The panelists agreed that one of the greatest challenges with diplomacy would be finding common ground with the various countries in the region, specifically China. Lugar compared the challenging nature of future negotiations with the Kim regime to negotiations in the past between the United States and the Soviet Union. Auslin highlighted that the United States must work harder to understand the different goals, perspectives, and capabilities of the different countries, but suggested that they can likely find common ground on nuclear nonproliferation. Perry, however, warned that the influence of the United States may be weakening as a result of our withdrawal from the Trans-Pacific Partnership as it will allow China to take on a more dominant role within the region.
Partnership for a Secure America (PSA) is pleased to announce a new grant award from the Carnegie Corporation of New York (CCNY) to continue its bipartisan congressional education and training program. The two-year grant will support PSA’s Congressional Partnership Program (CPP), providing expert seminars on current national security and foreign affairs issues, formal negotiation training, and bipartisan policy workshops.
“We are pleased to continue PSA’s important efforts on Capitol Hill thanks to the Carnegie Corporation of New York’s generous support. As the United States faces unprecedented challenges from around the globe, we must restore a commitment to bipartisan cooperation beyond ‘the water’s edge’ to protect our nation and the core principles which unite us,” said Nathan Sermonis, PSA Executive Director.
Since 2009, the CPP has convened hundreds of congressional staff members, equipping foreign policy and security advisers to assess global challenges, build common ground across political parties, and achieve U.S. national interests. Carnegie Corporation of New York has provided support since the program’s inception.
Carnegie Corporation of New York is America’s oldest grant making foundation, established in 1911 by Andrew Carnegie to promote the advancement and diffusion of knowledge and understanding. In keeping with this mandate, the Corporation’s work focuses on the issues that Andrew Carnegie considered of paramount importance: international peace, the advancement of education and knowledge, and the strength of our democracy.
Nuclear arms control is a critical pillar of America’s national security. Negotiated agreements to reduce the threat posed by the Cold War nuclear arms race have always enjoyed strong bipartisan support in the U.S.
In 1982, President Reagan proposed that the U.S. and the Soviet Union reduce their nuclear arsenals by thousands of warheads each. This proposal became the basis for the 1991 START I treaty. Since that time, every U.S. President, in concert with Russia, has advanced President Reagan’s legacy through steady and prudent reductions of the world’s two largest nuclear arsenals, including the 2002 Treaty of Moscow, signed by Presidents Bush and Putin.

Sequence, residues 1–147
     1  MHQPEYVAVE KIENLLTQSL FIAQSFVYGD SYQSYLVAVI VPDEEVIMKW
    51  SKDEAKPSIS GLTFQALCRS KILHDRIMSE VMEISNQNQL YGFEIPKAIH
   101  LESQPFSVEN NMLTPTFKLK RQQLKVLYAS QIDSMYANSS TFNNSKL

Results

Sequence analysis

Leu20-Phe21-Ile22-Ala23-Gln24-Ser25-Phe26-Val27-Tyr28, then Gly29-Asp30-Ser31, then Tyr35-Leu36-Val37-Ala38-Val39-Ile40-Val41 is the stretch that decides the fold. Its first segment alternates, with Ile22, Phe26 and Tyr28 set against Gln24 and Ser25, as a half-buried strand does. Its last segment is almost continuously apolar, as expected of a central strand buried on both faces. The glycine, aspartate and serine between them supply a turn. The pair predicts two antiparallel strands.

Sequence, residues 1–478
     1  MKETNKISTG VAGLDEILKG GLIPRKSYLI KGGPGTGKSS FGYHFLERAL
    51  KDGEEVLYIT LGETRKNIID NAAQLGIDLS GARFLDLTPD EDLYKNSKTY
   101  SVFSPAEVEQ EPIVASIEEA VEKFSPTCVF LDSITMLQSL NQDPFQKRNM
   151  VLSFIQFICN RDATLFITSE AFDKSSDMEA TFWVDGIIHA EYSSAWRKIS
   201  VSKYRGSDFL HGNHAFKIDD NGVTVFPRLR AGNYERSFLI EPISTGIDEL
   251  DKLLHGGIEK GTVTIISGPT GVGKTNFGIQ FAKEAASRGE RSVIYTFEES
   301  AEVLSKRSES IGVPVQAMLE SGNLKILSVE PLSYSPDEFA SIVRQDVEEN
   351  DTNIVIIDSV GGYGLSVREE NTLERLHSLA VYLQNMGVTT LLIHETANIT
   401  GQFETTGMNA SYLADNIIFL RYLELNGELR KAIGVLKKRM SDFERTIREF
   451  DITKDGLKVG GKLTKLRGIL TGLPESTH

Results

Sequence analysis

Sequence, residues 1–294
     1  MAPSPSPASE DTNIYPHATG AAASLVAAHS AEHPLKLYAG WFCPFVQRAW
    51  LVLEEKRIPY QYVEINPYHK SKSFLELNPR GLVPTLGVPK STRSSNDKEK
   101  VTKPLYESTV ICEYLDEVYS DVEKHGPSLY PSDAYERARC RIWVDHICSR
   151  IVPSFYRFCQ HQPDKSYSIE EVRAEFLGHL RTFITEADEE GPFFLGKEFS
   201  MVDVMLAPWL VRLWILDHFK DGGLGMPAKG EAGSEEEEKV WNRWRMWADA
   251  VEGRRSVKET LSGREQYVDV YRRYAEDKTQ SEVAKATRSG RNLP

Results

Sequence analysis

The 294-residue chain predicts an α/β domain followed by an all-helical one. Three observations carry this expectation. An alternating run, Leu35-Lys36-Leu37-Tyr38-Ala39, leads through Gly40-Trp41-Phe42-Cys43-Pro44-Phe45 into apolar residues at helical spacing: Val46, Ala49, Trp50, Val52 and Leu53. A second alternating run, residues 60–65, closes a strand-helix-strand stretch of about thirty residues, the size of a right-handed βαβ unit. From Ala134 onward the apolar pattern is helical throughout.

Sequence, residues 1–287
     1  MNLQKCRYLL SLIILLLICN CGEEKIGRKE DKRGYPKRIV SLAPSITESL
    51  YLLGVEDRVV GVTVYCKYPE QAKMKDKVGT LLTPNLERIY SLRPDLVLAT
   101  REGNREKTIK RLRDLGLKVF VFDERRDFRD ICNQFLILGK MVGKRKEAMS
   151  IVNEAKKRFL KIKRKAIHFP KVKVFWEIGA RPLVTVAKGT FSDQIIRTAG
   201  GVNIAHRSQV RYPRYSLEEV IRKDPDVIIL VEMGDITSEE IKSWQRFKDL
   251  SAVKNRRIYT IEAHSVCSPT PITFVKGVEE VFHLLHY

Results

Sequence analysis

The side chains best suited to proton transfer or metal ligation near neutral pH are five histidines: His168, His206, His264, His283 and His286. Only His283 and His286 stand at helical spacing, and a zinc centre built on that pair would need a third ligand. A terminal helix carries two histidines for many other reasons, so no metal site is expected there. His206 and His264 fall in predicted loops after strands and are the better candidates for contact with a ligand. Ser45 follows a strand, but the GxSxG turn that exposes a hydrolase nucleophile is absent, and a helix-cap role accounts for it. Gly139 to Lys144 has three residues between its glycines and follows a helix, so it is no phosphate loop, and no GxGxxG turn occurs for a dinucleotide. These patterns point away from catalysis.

On April 8, 2010, Presidents Obama and Medvedev signed the new START treaty, agreeing to further reduce both sides’ arsenals and bring into force a new regime for inspections and verification. This was a necessary and appropriate step toward safeguarding our national security. Without the new START, the U.S. has no legally binding ability to conduct inspections of Russia’s nuclear arsenal, and would be in a far weaker position to lead the world in stopping nuclear proliferation.
Now is the time for a thorough and balanced national discussion about nuclear arms control and nonproliferation. But we must remember that a world without a binding U.S.-Russian nuclear weapons agreement is a much more dangerous world. We, the undersigned Republicans and Democrats, support the new START treaty because we believe that it:
- Enhances stability, transparency and predictability between the world’s two largest nuclear powers, which together possess about 95 percent of the world’s nuclear weapons
- Contains verification and inspection measures essential to U.S. national security and nuclear threat reduction as it relates to Russia’s strategic nuclear weapons
- Addresses our Nuclear Nonproliferation Treaty (NPT) obligations and therefore assists in gaining cooperation from other countries on key nonproliferation priorities
- Helps strengthen broader U.S.–Russia cooperation, which is important in responding to proliferation challenges from Iran and North Korea
- Does not inhibit our ability to maintain an effective and reliable nuclear arsenal
- Does not constrain our ability to develop and deploy missile defense systems
Madeleine Albright Secretary of State 1997-2001
Howard Baker US Senator (R-TN) 1967-85
Samuel Berger National Security Advisor 1997-2001
Linton Brooks Administrator, National Nuclear Security Administration 2002-07
Harold Brown Secretary of Defense 1977-81
Frank Carlucci Secretary of Defense 1987-89
Warren Christopher Secretary of State 1993-97
William Cohen Secretary of Defense 1997-2001
John C. Danforth US Senator (R-MO) 1977-95
Kenneth M. Duberstein White House Chief of Staff 1988-89
Chuck Hagel US Senator (R-NE) 1997-2009
Lee Hamilton US Congressman (D-IN) 1965-99; Co-Chair, PSA Advisory Board
Gary Hart US Senator (D-CO) 1975-87
Rita E. Hauser Chair, International Peace Institute
Carla Hills US Trade Representative 1989-93
Nancy Kassebaum-Baker US Senator (R-KS) 1978-97
Thomas Kean Governor (R-NJ) 1982-90; 9/11 Commission Chair
Richard Leone President, The Century Foundation
Donald McHenry US Ambassador to the UN 1979-81
Sam Nunn US Senator (D-GA) 1972-96
William Perry Secretary of Defense 1994-97
Thomas Pickering Under Secretary of State 1997-2000
Colin L. Powell Secretary of State 2001-05
Warren Rudman US Senator (R-NH) 1980-92; Co-Chair, PSA Advisory Board
Alan Simpson US Senator (R-WY) 1979-97
George Shultz Secretary of State 1982-89
Theodore Sorensen White House Special Counsel 1961-63
John Whitehead Deputy Secretary of State 1985-88
Timothy E. Wirth US Senator (D-CO) 1987-93
Frank Wisner Under Secretary of State 1992-93
This project is made possible by the generous support of Ploughshares Fund and The Connect U.S. Fund.